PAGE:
Is your firm fit for the Olympics?
Businesses need to consider how they might be affected by next year’s games, says ANDREW WEST, a partner at Gotelee Solicitors
YOU may think that it’s premature to be thinking about the Olympics now – after all, we’ve still got several rain filled weeks of summer to look forward to – but there are likely to be employment issues that you will need to think about in good time.
It is estimated that a global audience of four billion people will watch the opening ceremony on July 27, 2012.
With statistics showing that one in six workers would think about taking a sick day in order to watch the London 2012 Olympics, now is the time for you to start planning.
By starting this process early, you can manage employees’ expectations and minimise the impact on productivity.
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Around 500,000 spectators are likely to attend the games each day, so a good starting point is to ask your employees if they have been lucky enough to secure tickets for any of the events. You need to consider what staffing levels you will need to cover multiple absences, and how you will manage whilst the games run their course.
You will need to decide what approach you will take if you get more holiday requests for particular days than you can accommodate, and communicate this to your staff. Will you take holiday requests on a first come first served basis or use a ballot? To what extent (if any) can you put in place cover arrangements?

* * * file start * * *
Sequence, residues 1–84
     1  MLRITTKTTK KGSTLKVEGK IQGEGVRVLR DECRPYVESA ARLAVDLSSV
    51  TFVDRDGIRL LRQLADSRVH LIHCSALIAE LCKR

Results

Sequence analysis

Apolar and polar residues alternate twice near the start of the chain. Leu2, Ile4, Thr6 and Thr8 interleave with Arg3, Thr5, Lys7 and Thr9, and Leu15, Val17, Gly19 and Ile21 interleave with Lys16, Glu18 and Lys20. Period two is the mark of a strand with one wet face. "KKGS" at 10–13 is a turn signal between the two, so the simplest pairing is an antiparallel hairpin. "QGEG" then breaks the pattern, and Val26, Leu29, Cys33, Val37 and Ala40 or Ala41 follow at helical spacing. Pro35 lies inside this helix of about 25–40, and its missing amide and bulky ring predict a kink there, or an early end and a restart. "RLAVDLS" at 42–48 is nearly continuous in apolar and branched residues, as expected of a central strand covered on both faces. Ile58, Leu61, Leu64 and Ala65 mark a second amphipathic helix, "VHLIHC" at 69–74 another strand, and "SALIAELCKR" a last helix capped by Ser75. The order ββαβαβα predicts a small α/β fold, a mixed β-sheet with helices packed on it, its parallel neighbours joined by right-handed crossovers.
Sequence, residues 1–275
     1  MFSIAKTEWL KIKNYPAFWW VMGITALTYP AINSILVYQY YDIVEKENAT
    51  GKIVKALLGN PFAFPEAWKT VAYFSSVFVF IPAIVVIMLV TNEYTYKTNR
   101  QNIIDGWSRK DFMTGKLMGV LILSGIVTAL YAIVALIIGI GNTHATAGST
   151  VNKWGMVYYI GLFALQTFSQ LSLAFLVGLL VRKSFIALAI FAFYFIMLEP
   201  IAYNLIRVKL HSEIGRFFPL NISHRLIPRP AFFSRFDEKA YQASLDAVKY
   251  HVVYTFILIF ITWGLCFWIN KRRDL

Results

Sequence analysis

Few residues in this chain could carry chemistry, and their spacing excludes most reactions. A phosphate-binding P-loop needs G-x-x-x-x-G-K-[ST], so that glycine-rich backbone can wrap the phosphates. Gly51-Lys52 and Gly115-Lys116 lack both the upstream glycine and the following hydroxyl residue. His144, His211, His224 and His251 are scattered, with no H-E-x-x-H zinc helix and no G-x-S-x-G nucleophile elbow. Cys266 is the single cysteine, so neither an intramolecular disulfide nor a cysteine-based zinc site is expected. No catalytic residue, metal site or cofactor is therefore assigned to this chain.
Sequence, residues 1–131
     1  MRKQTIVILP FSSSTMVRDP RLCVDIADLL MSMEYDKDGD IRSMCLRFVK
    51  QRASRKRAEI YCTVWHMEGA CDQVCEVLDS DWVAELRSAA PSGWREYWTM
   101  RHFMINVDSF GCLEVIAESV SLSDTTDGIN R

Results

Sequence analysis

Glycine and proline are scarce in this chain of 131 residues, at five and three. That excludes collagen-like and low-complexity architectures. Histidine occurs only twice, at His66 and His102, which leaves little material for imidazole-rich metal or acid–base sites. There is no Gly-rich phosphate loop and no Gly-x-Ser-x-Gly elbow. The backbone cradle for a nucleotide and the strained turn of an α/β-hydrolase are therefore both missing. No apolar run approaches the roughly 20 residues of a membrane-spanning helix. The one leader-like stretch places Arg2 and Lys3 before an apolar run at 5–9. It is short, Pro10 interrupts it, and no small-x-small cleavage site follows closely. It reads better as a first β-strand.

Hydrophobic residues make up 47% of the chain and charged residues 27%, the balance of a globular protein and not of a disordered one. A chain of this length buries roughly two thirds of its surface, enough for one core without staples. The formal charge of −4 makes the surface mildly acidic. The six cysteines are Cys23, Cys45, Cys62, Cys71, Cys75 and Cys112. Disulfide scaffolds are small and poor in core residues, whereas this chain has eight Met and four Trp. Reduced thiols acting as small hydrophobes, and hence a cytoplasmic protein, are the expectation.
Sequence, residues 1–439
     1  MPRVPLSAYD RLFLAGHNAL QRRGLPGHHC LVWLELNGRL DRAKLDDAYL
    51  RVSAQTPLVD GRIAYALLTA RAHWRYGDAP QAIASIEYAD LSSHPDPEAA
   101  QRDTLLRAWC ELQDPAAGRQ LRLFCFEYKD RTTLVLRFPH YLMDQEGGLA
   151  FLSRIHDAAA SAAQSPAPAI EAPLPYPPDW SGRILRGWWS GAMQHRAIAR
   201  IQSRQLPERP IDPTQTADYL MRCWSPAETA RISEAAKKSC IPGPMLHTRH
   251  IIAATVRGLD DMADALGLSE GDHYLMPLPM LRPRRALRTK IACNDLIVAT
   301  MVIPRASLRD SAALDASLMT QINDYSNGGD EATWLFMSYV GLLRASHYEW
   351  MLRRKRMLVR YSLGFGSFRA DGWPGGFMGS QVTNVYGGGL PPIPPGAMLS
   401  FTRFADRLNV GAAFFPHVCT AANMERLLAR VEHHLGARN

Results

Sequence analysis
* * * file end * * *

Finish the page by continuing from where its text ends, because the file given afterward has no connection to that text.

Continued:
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You will need to remind employees of your policy on unauthorised absence. Normally this means that failing to turn up for work or leaving early without a reasonable explanation is a disciplinary matter. You should also remind employees of your procedures for reporting sickness absence. If you don’t have a set procedure for this, put one in place now.
Think about how you will deal with a request for time off to watch an event if you are given very short notice. Allowing time off at short notice could set a precedent and could cause serious disruption. It could lead to resentment if one employee is given time off to watch an Olympics event, but another is refused time off to watch some other event, whether connected with the Olympics or not. You should also ensure that you do not give precedence to those wanting to watch Team GB games, as this could give rise to arguments of unlawful discrimination.
The Olympics needn’t be a negative experience for employers, who can use it to their advantage to boost staff cohesion and morale. One way of doing this, which might also reduce unauthorised absence, is to set up a TV in a communal area that employees can watch during breaks.